A suspected neo-Nazi who named his baby Adolf posed for a photo with the child whilst wearing Ku Klux Klan robes, a court heard.
Adam Thomas, 22, and his partner Claudia Patatas, 38, are on trial accused of being members of the "extreme and violent" far-right group National Action.
Thomas is facing a separate charge of possessing The Anarchist Cookbook, a terrorist document which contains bomb-making instructions.
Patatas had a WhatsApp conversation with a man named Darren Fletcher who has admitted being a member of National Action, Birmingham Crown Court heard on Wednesday.
The mother is alleged to have told him in the chat from February 2017: "And all Jews must be put to death."
When the jury was shown a photo of Thomas cradling his newborn baby, prosecution lawyer Barnaby Jameson said: "The suggestion is that is Mr Thomas and his child, whose middle name is Adolf."
The parents, from Banbury, Oxfordshire, wanted to honour the wartime Nazi leader Hitler, the court heard.
Turning to an image of a hooded man with a machete, Mr Jameson added: "There is a strong inference, and you'll appreciate this when you look inside the Thomas and Patatas' house, that that was taken inside their home, and that the person in the robes was Thomas."
The flag was shown hanging over a sofa on which there were two scatter cushions each bearing the Nazi swastika symbol.
Patatas and Thomas also allegedly had a poster stuck to their fridge reading "Britain is ours - the rest must go".
Thomas at one stage bemoaned he had to work with a "fat p***", the jury heard.
Daniel Bogunovic, 27, from Leicester is also in the dock facing the same charge of being a National Action member.
Fletcher, 28, from Wednesfield, Wolverhampton, had a race hate conviction for dressing as a Ku Klux Klansman.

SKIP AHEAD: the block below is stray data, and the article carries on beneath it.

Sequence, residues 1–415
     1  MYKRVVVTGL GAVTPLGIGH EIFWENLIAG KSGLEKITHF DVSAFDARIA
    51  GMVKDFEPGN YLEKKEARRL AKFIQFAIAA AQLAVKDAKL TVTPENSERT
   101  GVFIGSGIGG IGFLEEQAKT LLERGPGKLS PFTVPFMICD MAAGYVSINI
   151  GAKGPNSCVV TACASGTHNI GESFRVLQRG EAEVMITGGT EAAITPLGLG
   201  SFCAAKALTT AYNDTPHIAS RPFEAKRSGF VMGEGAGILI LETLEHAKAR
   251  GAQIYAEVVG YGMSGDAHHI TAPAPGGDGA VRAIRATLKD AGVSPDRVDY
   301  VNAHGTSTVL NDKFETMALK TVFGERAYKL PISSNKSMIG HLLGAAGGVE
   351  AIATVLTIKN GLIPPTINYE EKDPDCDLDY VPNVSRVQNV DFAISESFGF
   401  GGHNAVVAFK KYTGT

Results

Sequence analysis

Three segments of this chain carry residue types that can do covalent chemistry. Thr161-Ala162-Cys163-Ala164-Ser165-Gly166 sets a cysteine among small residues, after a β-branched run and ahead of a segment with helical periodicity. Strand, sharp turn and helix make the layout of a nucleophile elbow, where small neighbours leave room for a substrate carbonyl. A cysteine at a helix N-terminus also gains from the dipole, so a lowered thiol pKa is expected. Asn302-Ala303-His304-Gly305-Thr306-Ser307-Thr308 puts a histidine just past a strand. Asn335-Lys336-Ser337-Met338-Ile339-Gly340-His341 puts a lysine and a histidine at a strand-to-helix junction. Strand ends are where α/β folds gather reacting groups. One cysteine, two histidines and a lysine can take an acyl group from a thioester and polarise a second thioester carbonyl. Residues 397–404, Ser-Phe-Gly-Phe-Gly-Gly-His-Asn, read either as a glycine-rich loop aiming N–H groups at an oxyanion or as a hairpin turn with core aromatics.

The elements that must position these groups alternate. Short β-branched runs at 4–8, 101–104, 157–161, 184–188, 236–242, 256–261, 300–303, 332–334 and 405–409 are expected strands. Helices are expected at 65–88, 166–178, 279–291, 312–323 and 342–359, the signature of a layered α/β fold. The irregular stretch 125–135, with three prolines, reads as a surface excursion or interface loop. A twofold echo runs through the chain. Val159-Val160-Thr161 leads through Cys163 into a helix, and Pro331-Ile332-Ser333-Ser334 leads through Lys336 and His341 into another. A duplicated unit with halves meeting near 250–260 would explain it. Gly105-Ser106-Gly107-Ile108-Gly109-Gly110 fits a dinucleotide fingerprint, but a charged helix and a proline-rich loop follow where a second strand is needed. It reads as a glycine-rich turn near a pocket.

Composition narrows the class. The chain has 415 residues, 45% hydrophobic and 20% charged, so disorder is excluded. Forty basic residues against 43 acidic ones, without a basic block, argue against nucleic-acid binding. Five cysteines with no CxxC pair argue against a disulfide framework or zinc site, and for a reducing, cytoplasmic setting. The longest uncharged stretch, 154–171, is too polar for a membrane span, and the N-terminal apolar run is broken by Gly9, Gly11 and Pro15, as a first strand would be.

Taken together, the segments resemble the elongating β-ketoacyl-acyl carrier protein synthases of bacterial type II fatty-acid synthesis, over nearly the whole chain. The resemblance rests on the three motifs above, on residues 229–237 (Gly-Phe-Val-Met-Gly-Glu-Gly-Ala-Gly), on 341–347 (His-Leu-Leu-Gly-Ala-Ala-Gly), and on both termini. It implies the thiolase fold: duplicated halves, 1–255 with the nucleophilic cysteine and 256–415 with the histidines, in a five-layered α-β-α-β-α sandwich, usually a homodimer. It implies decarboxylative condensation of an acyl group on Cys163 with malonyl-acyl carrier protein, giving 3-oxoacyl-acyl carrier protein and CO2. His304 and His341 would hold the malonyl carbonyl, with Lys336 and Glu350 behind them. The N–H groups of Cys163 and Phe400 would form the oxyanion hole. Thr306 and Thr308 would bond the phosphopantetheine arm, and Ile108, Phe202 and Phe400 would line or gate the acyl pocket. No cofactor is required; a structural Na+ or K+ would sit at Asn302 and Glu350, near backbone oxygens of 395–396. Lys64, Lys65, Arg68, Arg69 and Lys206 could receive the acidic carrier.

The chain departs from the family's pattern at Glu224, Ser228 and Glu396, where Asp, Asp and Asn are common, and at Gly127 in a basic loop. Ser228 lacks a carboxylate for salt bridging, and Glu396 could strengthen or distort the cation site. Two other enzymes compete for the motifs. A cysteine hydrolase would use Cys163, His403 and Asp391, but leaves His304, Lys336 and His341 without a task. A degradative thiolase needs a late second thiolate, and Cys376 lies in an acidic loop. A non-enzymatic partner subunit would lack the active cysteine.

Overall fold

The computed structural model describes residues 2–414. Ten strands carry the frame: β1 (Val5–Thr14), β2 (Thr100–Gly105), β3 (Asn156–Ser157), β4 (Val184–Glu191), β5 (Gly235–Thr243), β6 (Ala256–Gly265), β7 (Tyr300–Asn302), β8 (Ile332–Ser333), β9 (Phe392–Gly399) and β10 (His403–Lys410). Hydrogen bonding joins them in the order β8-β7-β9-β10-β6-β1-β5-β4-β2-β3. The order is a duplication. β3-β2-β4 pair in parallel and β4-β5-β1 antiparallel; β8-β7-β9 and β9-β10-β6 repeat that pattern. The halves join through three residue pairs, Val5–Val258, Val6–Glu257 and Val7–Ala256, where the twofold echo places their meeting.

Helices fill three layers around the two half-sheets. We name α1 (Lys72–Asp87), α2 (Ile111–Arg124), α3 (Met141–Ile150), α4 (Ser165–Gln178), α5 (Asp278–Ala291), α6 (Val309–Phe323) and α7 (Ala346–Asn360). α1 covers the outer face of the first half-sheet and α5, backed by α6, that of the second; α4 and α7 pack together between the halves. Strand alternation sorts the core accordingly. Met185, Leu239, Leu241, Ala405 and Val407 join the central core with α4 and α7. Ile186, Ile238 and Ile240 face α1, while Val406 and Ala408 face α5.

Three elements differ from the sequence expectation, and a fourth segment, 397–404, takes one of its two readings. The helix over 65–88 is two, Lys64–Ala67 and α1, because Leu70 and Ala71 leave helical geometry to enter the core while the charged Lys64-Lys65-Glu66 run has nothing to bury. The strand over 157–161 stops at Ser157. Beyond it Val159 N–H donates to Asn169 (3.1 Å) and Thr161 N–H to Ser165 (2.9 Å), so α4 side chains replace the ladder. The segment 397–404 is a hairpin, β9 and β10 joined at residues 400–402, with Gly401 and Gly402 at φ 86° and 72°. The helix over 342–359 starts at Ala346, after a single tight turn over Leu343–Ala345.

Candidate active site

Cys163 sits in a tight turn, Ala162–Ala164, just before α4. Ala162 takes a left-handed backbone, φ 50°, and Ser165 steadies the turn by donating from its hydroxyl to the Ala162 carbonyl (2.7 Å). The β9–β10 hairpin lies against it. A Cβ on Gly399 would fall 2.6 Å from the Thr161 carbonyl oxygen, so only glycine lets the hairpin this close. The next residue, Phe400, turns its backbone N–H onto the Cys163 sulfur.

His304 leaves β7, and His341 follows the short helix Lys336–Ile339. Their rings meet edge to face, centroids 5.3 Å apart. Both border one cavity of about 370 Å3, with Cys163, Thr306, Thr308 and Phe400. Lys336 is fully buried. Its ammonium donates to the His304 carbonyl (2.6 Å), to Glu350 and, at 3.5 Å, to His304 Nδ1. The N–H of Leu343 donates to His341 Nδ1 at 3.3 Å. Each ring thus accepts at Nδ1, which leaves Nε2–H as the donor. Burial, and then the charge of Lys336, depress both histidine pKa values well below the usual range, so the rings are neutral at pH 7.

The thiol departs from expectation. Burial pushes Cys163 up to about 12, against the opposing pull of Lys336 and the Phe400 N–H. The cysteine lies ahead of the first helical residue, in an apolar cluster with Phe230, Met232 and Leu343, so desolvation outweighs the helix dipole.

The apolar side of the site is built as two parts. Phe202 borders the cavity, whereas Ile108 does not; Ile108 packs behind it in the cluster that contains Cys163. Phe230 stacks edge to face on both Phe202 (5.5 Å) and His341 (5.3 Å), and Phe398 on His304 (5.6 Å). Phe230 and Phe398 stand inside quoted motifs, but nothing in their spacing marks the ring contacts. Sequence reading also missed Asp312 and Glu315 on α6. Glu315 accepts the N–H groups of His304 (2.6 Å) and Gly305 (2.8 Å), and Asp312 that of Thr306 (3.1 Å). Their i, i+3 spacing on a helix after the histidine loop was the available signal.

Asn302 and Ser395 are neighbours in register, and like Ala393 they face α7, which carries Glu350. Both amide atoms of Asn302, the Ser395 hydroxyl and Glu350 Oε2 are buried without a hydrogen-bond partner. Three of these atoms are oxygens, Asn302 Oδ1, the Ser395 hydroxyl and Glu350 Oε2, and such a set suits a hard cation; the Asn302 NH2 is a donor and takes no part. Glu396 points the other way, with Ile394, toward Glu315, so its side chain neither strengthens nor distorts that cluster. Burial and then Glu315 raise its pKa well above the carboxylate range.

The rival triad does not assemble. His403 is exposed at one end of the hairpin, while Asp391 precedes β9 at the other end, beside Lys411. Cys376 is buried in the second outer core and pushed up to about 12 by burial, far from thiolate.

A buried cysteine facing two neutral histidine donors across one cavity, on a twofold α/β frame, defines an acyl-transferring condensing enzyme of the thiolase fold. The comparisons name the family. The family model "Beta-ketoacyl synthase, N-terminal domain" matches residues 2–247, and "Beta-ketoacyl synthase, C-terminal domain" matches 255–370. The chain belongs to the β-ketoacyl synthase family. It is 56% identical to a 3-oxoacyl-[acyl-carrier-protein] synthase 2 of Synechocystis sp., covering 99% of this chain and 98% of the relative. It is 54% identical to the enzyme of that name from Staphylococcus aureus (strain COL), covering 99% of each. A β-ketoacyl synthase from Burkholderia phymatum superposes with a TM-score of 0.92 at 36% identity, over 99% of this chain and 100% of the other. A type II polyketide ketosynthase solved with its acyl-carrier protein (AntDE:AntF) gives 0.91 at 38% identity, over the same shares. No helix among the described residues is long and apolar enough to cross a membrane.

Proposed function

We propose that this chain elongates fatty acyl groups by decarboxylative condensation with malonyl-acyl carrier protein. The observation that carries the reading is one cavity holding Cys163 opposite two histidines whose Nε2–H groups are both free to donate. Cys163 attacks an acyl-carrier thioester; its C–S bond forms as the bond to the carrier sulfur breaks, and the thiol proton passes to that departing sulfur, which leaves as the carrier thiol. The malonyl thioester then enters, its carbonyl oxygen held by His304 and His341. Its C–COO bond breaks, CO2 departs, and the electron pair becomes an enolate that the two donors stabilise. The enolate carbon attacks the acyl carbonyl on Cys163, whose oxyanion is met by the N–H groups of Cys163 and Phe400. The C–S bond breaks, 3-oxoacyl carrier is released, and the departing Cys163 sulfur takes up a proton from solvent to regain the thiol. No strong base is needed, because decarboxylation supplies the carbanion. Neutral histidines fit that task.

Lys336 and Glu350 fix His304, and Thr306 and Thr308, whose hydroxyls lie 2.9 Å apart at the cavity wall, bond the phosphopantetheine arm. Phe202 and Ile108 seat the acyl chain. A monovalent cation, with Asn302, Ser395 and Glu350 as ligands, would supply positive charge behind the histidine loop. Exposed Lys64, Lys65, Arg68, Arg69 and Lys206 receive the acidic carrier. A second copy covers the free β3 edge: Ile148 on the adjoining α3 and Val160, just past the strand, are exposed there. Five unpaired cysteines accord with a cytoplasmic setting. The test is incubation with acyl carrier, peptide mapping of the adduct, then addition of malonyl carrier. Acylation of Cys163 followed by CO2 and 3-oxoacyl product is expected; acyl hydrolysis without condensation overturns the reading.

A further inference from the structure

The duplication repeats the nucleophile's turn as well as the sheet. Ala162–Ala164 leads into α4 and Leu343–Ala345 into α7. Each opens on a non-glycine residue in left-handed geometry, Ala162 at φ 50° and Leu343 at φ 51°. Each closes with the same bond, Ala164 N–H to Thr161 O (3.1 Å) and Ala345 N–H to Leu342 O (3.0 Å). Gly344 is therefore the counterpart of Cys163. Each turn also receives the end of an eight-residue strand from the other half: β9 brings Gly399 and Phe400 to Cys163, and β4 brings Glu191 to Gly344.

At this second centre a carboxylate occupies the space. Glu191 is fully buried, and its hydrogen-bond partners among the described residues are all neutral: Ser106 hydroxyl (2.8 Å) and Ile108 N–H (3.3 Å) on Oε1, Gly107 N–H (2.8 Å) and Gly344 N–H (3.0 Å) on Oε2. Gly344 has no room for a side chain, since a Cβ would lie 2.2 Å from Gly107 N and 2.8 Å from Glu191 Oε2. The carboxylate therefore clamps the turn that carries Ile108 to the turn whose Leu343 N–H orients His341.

He was also found guilty of hanging a stuffed toy resembling a black person from a noose on stage at a white pride event in 2013.
Patatas and Thomas were allegedly pictured at home with "vehement Nazi" Fletcher, who was holding a swastika flag and performing a Hitler-style salute over their baby.
It emerged in court that counter-terrorism officers from Prevent had visited the couple's home in October last year "due to concerns Ms Patatas may be involved in the extreme right wing".
An online chat message allegedly sent by Thomas showed he was unfazed.
He said: "I have my flags up, lol - and f*** social services, they have no basis of claim of anything."
Mr Jameson said on Tuesday that National Action is a group so "extreme and violent" it was banned by the government.
He added the organisation then tried to "shed one skin for another" in order to evade the law.
Mr Jameson said on Wednesday that Thomas, Patatas and Bogunovic were part of a successor organisation called the TripleK Mafia, in reference to the Ku Klux Klan.
The group was in effect still National Action in all but name, the court heard.
A member named Joel Wilmore had spelt the rebranded group's name wrong by writing "TrippleK" four times in their new posters, the jury was shown.